Hundreds of striking janitors in Houston who walked off the job last week are being joined by hundreds more this week as picket lines extend to eight cities across the country.
The janitors – employed by contractors to clean office buildings for companies like Exxon Mobile, Shell Oil, and JP Morgan Chase – are striking against unfair labor practices. They are also demanding an end to poverty wages in a city recently named by Forbes as the number one city for millionaires.
SEIU, which represents the janitors, reported in a press release this morning,
Tomorrow, the Houston janitors’ unfair labor practices strike will spread to eight cities across the United States. Janitors, who are members of SEIU Local 1, will fan out across the country to establish picket lines against their janitorial contractors in Washington, Minneapolis, Seattle, Boston, San Ramon and Oakland. On Thursday, janitors in Los Angeles and Denver will also join the strike. Janitors in these cities have indicated that they will not cross the picket lines, thereby expanding the strike to key real estate in new cities.
The ULP strike that began last Tuesday is the first city-wide work stoppage by Houston janitors since 2006. SEIU explains how it started:
The janitors’ union contract expired on May 31, 2012. While in bargaining with their employers, janitors asked for a modest raise from $8.35 per hour to $10 per hour to be phased in over four years. However, building owners and contractors responded by offering a raise of just $.50 over five years – an almost certain promise that janitors will continue to live in poverty. When janitors refused to accept this offer, they were met with harassment and intimidation by their employers. This prompted workers to call for a city-wide strike on July 11 in response to unfair treatment.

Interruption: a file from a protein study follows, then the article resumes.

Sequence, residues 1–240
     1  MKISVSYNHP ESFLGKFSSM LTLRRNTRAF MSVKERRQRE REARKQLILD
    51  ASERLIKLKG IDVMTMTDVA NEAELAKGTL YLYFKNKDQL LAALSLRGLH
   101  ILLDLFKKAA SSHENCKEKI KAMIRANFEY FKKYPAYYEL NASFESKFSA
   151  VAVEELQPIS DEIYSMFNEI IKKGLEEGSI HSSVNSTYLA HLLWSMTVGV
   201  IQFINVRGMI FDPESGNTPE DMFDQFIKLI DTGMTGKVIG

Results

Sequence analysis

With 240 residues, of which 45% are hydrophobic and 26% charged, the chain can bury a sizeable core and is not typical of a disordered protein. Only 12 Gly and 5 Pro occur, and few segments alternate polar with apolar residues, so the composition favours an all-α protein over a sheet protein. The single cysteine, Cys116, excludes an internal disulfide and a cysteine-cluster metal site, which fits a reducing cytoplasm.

In an effort to intimidate workers, three of the companies illegally imposed unilateral changes by ceasing contributions to health and welfare funds.
The strike is in its second week and includes more than 400 janitors at 18 different buildings in Houston, a city with glaring income inequality. While one in five workers in the city make less than $10 an hour, Houston leads the nation in annual growth for millionaires.
Josh Eidelson at In These Times writes:
According to the union, Houston’s 15 largest employers brought in over $178 billion in profit last year, while union janitors, mostly working part-time schedules, are paid below $9,000 annually.
Eidelson explains how SEIU is using sympathy pickets to win justice for janitors in Houston:
In some cities, SEIU janitors employed by some of the same companies have “conscience clauses” in their contracts, protecting their rise to honor picket lines by refusing work. That means that if a striking Houston worker traveled to such a city and began picketing the same company there, the workers inside could walk off the job, effectively spreading the strike throughout the country.
Teamsters – many of whom also enjoy conscience clauses in their contracts – know solidarity is our best weapon against corporate greed and attacks on workers. And given the stakes of the dispute in Houston, it can mean the difference between a hard loss and striking a heavy blow against the one percent:
“What’s happening here in Houston is a microcosm of what’s happening to our whole country,” said Elsa Caballero, State Director for SEIU Local 1 Texas. “The gap between the richest 1% and working families is growing every day. It’s going to take bold action to rebuild our country’s middle class.”